The first evidence of a tuna factory in Favignana dates back to 1577. The first factory building, where all the stages of processing freshly caught tuna were carried out, however, dates back to 1860: the so-called ‘Torino’ building. It was built by Giulio Drago from Genoa, who had taken over the management of the facilities from the Pallavicino family, the then owners of the Egadi Islands. The decisive turning point in the development of tuna fishing came in 1876, when Ignazio Florio bought Favignana and the Egadi Islands. The construction of the huge warehouses, fish-packing rooms and service facilities for all employees took place between 1881 and 1889. In addition, there was a large open area, known as a graveyard, for drying tuna heads, which were used to produce oil for industrial use. By the end of the 19th century, the Favignana and Formica tuna factory was one of the largest industrial complexes in Europe. In fact, it employed 350 workers on land and 150 tuna fishermen. The economic decline of the Florio family, which began in the early 20th century, also affected the tuna factory which, following several changes of ownership, closed down for good in the 1980s.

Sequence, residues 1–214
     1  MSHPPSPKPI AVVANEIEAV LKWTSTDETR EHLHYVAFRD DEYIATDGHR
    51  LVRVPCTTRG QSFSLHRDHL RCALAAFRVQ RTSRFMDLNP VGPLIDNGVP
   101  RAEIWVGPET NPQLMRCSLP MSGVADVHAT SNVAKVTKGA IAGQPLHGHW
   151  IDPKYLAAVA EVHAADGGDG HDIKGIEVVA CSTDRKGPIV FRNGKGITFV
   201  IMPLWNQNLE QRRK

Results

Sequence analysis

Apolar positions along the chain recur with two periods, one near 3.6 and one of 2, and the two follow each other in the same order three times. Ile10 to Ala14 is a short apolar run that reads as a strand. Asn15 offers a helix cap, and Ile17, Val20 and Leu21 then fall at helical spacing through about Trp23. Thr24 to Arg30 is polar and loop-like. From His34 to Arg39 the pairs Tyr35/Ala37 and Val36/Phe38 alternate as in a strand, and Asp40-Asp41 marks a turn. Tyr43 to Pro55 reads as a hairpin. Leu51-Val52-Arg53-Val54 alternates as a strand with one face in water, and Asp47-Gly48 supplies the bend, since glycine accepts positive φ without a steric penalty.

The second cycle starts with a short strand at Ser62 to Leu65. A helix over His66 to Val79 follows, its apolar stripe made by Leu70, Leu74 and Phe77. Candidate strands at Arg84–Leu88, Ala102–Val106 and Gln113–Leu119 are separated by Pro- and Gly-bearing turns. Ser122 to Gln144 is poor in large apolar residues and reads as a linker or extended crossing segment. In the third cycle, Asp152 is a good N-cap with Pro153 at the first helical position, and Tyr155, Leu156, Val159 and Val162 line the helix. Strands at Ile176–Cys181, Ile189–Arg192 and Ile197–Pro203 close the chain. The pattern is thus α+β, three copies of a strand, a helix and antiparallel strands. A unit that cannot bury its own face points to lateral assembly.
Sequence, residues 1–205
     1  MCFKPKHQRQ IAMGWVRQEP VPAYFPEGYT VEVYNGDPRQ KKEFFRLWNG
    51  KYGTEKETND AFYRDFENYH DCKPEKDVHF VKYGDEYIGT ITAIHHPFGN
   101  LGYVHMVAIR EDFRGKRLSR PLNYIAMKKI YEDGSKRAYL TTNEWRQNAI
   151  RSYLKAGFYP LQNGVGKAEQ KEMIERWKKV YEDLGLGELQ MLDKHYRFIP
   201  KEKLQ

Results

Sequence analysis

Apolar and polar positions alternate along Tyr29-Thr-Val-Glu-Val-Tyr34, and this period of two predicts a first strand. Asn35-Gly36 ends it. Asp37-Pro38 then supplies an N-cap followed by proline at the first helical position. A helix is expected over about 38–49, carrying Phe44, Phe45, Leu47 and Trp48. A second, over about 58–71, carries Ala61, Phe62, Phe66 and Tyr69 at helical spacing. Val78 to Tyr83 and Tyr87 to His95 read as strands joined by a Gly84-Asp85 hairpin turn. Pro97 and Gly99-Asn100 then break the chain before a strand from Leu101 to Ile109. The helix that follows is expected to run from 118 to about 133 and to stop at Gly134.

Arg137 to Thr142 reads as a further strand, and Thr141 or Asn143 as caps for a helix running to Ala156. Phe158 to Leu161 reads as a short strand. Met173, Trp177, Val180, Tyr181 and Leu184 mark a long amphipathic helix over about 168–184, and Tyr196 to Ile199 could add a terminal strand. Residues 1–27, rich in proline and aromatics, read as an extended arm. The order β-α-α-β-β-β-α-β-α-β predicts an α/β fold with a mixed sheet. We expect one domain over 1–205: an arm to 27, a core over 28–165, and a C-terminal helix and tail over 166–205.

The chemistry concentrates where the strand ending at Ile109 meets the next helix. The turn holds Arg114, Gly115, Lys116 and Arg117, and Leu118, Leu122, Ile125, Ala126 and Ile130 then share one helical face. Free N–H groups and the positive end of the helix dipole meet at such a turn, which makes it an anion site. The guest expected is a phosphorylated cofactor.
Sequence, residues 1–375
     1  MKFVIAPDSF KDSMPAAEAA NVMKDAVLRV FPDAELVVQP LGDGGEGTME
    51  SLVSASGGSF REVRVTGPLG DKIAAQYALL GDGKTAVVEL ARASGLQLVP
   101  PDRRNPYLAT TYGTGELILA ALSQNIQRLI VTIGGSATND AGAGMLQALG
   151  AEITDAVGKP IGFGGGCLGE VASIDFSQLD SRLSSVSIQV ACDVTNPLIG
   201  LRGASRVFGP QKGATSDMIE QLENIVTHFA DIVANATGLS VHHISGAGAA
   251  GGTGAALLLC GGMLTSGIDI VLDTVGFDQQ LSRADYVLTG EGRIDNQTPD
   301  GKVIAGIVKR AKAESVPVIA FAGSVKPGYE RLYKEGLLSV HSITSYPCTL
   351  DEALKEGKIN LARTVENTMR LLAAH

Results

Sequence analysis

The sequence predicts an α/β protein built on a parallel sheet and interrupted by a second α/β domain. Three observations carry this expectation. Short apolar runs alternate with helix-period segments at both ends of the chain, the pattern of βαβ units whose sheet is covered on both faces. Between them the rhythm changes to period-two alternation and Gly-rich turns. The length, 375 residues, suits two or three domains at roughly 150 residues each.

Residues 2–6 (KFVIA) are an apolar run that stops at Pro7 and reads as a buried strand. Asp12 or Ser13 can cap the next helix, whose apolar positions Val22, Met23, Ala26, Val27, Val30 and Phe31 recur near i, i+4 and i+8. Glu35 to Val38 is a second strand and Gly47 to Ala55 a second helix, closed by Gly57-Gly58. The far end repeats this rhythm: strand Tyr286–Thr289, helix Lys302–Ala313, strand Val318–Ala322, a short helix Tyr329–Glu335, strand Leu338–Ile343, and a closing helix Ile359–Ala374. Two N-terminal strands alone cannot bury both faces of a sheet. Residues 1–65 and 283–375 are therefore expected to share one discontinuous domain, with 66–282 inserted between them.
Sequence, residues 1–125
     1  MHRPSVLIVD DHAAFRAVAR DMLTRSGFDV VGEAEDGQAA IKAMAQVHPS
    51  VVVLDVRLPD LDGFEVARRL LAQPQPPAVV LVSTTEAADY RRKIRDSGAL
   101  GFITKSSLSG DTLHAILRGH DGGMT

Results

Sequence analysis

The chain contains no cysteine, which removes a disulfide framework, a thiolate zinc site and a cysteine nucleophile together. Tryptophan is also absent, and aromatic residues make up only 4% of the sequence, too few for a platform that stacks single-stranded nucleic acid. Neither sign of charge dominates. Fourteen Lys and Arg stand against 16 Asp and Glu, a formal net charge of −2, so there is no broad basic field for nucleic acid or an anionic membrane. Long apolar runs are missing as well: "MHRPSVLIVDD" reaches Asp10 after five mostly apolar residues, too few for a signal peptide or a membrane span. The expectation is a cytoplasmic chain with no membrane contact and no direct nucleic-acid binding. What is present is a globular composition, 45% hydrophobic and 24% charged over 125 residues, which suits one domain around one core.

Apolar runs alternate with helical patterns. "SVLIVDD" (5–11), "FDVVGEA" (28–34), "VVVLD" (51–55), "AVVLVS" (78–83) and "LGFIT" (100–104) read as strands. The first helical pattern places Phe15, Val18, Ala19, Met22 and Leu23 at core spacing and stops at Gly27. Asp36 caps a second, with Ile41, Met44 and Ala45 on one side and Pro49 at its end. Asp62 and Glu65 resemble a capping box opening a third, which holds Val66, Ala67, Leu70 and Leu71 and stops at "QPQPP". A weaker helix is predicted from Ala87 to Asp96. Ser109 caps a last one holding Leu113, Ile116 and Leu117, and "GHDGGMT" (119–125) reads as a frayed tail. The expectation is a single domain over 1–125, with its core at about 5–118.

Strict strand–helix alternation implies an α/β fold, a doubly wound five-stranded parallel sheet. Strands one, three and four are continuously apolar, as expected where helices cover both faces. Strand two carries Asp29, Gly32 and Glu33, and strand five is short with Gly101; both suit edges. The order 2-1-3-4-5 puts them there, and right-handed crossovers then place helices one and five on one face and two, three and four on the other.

Visiting the Tonnara di Favignana

Immagine delle vecchie caldaie della Tonnara di Favignana

Nel 2010, dopo un lungo restauro durato cinque anni, l’Ex Stabilimento Florio delle Tonnare di Favignana e In 2010, after a long restoration that lasted five years, the Former Florio Tuna Factory of Favignana and Formica reopened to the public as a museum. The guided tour provides an insight into the history of the Florio family, that of the tuna factory and the practice of ‘mattanza’ (or tuna killing). In addition to visiting the factory itself, there is also a photographic exhibition, as well as a video presentation and examples of period films to enjoy.